by JEREMAIAH M. OPINIANO
SAN FRANCISCO, CALIFORNIA, USA—WHEN it comes to issues of trafficking in women, University of California-Davis professor Rhacel Parreñas should be taken seriously: she has been in the eddy of Japan’s entertainment industry.
Parreñas, who is teaching Asian-American studies, spoke recently to the OFW Journalism Consortium to chide the United States’s policy addressing trafficking worldwide as “won’t-work, will-fail” path.
Stopping the migration of workers won’t stem the traffick in women, she said adding that the US State Department’s “3-P” –prosecution, protection, and prevention– approach only “conflates [blend or fuse together] the experiences of all trafficked persons.”
Power is the issue here, Parreñas said.
“Filipino women are being recruited through the use of power for the purpose of exploitation,” she added.
Parreñas was reacting to the recent Trafficking in Persons Report of the State Department. The Americans are forcing Japan and the Philippines to tighten immigration and employment rules governing the entry of workers in Japan as well as those already in the country.
The Filipino professor said the “top-bottom approach” to curb the trafficking chain will only worsen women’s already-vulnerable conditions.
Instead of US and Japanese officials’ “top-bottom” solutions, Parreñas said there should be better working conditions for Filipina entertainers and that the middlemen involved in their migration should be eliminated.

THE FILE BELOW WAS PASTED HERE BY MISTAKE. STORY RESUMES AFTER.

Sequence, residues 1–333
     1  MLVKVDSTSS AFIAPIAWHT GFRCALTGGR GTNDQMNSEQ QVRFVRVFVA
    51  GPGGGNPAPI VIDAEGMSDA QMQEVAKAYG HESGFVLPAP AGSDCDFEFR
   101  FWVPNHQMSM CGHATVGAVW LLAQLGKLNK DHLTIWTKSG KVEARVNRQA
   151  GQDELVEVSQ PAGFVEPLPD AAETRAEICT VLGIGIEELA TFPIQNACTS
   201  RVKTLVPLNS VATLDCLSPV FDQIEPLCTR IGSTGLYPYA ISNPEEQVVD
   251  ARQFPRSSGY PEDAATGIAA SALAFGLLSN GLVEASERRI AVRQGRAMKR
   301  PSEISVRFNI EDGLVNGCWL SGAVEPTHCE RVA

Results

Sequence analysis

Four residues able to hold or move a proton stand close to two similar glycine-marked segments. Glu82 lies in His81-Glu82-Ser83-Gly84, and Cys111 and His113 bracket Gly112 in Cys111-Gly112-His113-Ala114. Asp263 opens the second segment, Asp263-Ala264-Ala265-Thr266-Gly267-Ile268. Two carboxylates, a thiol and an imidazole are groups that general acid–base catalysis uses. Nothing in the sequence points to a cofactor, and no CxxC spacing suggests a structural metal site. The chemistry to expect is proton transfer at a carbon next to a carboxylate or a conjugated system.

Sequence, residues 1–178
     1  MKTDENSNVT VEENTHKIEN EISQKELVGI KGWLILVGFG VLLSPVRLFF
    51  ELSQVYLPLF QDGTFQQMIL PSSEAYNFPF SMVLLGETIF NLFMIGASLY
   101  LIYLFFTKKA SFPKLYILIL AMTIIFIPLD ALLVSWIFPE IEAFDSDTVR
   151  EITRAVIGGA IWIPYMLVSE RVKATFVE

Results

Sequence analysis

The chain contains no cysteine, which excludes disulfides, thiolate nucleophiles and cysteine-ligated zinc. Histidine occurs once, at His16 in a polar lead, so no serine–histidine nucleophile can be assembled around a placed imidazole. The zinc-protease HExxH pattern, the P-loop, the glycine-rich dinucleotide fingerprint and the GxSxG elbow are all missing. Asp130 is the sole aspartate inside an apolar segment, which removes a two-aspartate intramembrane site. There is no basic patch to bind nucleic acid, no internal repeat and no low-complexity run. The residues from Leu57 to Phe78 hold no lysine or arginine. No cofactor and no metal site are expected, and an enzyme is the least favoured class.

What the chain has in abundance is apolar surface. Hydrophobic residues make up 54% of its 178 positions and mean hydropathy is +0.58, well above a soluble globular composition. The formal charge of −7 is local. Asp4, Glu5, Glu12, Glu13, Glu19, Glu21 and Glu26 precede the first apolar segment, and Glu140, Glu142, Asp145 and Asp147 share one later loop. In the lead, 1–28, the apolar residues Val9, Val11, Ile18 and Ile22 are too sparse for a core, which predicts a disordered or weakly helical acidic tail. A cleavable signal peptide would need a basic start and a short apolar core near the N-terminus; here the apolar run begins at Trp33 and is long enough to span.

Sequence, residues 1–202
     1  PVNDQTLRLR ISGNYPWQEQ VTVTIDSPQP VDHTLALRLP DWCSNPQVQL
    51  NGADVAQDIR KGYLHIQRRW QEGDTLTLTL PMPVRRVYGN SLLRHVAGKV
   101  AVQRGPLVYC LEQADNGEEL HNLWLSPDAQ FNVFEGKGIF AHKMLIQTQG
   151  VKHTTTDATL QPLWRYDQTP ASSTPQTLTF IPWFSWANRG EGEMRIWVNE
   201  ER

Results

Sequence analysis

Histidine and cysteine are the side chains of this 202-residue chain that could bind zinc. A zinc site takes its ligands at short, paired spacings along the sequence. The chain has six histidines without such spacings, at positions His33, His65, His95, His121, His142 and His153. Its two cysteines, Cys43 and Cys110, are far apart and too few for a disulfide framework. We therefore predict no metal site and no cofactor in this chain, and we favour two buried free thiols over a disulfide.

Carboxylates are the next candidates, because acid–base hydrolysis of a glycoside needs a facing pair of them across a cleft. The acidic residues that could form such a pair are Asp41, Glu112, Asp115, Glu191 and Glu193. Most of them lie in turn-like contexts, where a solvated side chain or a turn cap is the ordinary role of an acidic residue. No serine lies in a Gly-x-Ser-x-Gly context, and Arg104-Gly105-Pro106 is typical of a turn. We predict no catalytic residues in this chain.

Her “grassroots” proposals, she asserts, are “empirically-grounded” and will improve the conditions of migrants.
The “empirical grounds” come from Parreñas’s first-hand experience as a bar girl in Tokyo.
IT was the same time last year when Parreñas wore thigh-high skirts and walking tables in a cheap pub in Tokyo, Japan.
In-between putting bottles of sake (Japanese rice wine) on tables and singing songs for Japanese painters, carpenters, and those who claim they’re members of organized crime syndicates, Parreñas interviewed 61 entertainers for her project Trafficked? Filipino Migrant Hostesses in Japan’s Nightlife Industries.
Like these women, she also went out with some customers on dohan or afternoon dates.
Most of these women, Parreñas said, “are not prostitutes” and don’t consider dohan a form of prostitution.
Hence, she said, not all trafficked persons (including Filipinos) need to be rescued, rehabilitated, and reintegrated into their home societies.
While working there, she said she and other women were paid a minimum monthly pay of 200,000 yen (roughly US$1,700 or P85,000 at current exchange rates).
But some, Parreñas said, earned less at 120,000 yen (US$1,019 or P50,950).
However, it is from this amount that the entertainer gets her allowance for day-to-day living in the most expensive country in the world.
Likewise, even before landing on the soil of the country’s former invaders, the Filipino is already indebted with P37,000 (US$720). That amount is the minimum payment for a six-month training course on dancing and singing.